Maybe We Are We Wired for Lust and Hopefully Love Follows?

Maybe We Are We Wired for Lust and Hopefully Love Follows?

Are love and lust two sides of the same coin? Certainly these two get confused. The billboard out on the interstate suggests lust leads to hell. That would put it pretty far away from love!

Maybe we are we wired for lust and hopefully love follows?

Allow me to take a detour down a road that is both obvious and treacherous. Testosterone is a hormone that drives men crazy. Women may argue with who gets driven crazy!Testosterone is associated with social dominance and a woman’s sense that she has ‘clicked’ with a man. Neither of these need necessarily be negative. Testosterone feeds the drive to be victorious but also engenders cooperation, traits that can lead to helpful liaisons of all types. But maybe we can blame the big T for lust.

Lust may be what attracts us, but its love that will keep us together (apologies to Neil Sedaka.) A nice lady told her husband early in their relationship, “I won’t always feel like loving you, but I will always love you as an act of will.”

Feelings like lust may be highly charged but too fleeting for our goal of healthy coupling.

A young husband and father came into my office recently with depression. We uncovered guilt about sexual behavior prior to marriage. He was using work to avoid emotional commitment to his wife and child. With some work he realized how lust was clouding his relationship with his wife. He even began to see himself as addicted to lust. Lust provided excitement and the safety of a distance. But the price was too high; guilt, self doubt and isolation wracked him. Through honesty and a lot of vulnerability he experienced a newfound love for his wife and child.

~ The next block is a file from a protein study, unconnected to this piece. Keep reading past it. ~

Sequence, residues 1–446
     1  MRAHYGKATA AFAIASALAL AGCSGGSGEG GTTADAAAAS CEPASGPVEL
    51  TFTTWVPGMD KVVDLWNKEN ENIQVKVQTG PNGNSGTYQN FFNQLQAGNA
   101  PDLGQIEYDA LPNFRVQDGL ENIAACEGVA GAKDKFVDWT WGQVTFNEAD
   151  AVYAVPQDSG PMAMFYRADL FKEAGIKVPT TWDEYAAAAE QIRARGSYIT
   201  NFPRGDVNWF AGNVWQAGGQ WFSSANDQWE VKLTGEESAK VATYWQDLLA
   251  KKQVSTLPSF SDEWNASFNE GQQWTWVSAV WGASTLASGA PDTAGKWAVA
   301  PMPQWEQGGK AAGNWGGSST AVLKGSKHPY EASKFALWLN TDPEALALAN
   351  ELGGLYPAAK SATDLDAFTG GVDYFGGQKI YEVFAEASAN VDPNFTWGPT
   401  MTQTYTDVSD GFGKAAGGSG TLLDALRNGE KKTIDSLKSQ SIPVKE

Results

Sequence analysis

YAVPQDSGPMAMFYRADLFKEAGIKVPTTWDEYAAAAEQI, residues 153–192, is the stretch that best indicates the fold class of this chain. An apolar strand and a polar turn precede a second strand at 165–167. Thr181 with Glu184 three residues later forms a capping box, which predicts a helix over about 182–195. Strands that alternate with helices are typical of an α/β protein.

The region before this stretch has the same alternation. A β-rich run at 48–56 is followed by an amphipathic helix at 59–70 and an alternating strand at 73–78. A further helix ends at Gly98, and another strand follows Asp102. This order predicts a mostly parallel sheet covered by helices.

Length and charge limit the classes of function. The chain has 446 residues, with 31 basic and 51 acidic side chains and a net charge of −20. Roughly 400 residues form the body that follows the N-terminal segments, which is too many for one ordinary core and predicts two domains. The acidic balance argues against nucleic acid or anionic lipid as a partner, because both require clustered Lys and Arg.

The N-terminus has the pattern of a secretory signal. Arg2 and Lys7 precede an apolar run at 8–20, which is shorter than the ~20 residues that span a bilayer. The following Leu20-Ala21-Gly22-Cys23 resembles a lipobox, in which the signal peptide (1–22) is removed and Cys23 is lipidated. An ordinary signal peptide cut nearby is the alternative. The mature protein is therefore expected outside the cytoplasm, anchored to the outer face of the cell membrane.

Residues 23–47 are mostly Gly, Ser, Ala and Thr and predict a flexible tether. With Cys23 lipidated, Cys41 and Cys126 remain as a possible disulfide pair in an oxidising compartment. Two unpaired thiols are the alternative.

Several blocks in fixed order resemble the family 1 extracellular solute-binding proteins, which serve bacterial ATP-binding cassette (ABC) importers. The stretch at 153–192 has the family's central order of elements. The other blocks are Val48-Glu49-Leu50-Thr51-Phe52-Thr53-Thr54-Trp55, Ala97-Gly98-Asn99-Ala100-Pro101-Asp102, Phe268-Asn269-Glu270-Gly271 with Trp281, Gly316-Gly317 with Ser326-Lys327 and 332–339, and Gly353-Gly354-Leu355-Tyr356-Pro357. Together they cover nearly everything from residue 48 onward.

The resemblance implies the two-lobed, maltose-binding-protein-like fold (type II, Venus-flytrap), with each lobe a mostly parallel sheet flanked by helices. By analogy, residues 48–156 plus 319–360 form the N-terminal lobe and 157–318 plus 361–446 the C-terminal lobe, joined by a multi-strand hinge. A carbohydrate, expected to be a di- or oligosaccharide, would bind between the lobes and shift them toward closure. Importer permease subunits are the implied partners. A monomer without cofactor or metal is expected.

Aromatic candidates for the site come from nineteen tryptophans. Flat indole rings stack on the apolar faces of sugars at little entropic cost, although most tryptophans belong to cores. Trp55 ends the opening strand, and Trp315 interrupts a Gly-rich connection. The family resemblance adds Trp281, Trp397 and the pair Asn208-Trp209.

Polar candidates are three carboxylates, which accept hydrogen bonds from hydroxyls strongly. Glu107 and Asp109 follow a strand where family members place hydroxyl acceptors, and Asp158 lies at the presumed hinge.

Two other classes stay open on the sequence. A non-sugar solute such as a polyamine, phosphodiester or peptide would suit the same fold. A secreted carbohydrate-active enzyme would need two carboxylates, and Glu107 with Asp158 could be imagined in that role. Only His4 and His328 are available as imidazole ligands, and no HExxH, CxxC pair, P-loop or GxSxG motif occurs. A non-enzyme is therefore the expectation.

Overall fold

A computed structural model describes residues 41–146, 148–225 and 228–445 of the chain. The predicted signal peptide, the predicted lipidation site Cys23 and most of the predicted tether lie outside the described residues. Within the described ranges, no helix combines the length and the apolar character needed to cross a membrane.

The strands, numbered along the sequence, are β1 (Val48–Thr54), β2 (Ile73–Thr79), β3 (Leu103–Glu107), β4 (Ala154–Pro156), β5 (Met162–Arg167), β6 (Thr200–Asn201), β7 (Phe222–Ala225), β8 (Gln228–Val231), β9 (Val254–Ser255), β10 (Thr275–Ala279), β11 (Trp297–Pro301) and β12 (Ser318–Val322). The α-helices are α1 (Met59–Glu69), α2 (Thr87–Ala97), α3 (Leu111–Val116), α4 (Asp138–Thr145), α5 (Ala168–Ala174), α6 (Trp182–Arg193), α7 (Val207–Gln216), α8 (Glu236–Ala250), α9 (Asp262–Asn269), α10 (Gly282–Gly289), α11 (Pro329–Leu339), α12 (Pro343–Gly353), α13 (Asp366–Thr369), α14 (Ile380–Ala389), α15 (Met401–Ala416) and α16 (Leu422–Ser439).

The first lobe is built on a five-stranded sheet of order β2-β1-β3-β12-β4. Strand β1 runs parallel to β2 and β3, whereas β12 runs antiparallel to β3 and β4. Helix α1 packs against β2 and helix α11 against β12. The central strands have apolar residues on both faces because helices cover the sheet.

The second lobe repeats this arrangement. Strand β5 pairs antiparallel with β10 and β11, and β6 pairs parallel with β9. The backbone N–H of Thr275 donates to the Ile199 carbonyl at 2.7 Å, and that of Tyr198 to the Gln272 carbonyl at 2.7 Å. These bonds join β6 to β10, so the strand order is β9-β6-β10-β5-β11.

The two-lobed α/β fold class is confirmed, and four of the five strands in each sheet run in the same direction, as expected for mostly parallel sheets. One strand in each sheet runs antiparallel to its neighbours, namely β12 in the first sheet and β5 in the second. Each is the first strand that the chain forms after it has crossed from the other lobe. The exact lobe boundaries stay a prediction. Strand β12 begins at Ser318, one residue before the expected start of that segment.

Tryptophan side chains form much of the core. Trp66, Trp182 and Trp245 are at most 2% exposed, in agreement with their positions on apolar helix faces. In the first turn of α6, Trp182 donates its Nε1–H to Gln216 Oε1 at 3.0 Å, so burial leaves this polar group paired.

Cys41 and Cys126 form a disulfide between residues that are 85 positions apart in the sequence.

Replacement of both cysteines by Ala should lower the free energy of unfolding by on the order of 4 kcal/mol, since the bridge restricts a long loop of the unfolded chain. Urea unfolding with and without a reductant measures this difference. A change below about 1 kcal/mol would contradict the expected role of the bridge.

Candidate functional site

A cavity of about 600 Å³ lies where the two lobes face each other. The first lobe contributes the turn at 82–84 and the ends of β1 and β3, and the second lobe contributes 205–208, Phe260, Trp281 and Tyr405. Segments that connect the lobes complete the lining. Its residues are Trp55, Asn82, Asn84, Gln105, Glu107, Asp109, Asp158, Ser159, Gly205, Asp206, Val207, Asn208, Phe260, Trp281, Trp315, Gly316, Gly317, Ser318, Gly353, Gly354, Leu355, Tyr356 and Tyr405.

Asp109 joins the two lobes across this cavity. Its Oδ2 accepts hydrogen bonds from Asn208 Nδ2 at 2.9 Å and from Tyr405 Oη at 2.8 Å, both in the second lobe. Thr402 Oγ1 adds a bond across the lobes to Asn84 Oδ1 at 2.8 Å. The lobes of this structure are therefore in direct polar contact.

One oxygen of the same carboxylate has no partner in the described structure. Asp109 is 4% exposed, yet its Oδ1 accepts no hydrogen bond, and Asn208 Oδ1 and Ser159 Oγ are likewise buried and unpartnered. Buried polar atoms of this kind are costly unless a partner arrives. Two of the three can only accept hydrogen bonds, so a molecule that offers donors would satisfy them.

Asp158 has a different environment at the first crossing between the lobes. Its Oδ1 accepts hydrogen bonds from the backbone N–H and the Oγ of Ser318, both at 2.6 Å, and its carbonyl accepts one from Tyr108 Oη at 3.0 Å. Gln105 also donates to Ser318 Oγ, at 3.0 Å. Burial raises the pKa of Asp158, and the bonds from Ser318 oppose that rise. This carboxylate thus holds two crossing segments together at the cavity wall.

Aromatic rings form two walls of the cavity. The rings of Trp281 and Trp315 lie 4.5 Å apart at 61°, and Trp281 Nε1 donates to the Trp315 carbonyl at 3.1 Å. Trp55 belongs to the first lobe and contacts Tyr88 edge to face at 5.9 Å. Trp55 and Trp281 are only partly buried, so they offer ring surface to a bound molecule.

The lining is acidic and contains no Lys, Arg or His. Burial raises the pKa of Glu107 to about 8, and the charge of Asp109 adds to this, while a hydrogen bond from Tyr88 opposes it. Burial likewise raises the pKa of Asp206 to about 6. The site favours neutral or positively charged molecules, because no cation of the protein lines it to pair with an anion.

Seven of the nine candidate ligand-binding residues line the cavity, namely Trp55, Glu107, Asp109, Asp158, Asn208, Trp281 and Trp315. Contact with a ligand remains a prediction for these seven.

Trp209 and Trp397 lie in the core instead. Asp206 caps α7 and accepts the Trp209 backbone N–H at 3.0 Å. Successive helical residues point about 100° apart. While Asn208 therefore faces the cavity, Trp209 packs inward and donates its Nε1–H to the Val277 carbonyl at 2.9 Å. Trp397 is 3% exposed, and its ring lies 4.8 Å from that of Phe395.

Lust is self-serving and transient. It can shift with mood or even the temperature; something hot can go cold real quick. Not to mention that lust is one of the seven deadly sins to be avoided. Usually associated with carnal desire, lust depersonalizes what one supposes is a relationship.

Coming from the position of lust, the other person is objectified and the opportunity for meaningful understanding and sharing is lost. Lust wants what it wants when it wants it. This is language used with immaturity, the inability to delay gratification, the behavior of a three year old.

And that’s what you get, three year olds. If you don’t get your lust under control, you end up with a string of failed relationships with a string of children living in a variety of houses. And does this ever put a strain on the burgeoning love that may have been there. Good luck with that.

More pain is added when lust gets loose in extramarital activities. When one follows lust into the wrong bed, partners, children, even communities suffer.

The challenge for mature adults is to get past our more primitive natures and allow love to move us toward civil, mutual coupling.

Is lust okay? Absolutely! In a committed relationship, passion and desire are crucial. But don’t get the cart before the horse, the coupling will get tangled, the horse will trip and the cart tipped over.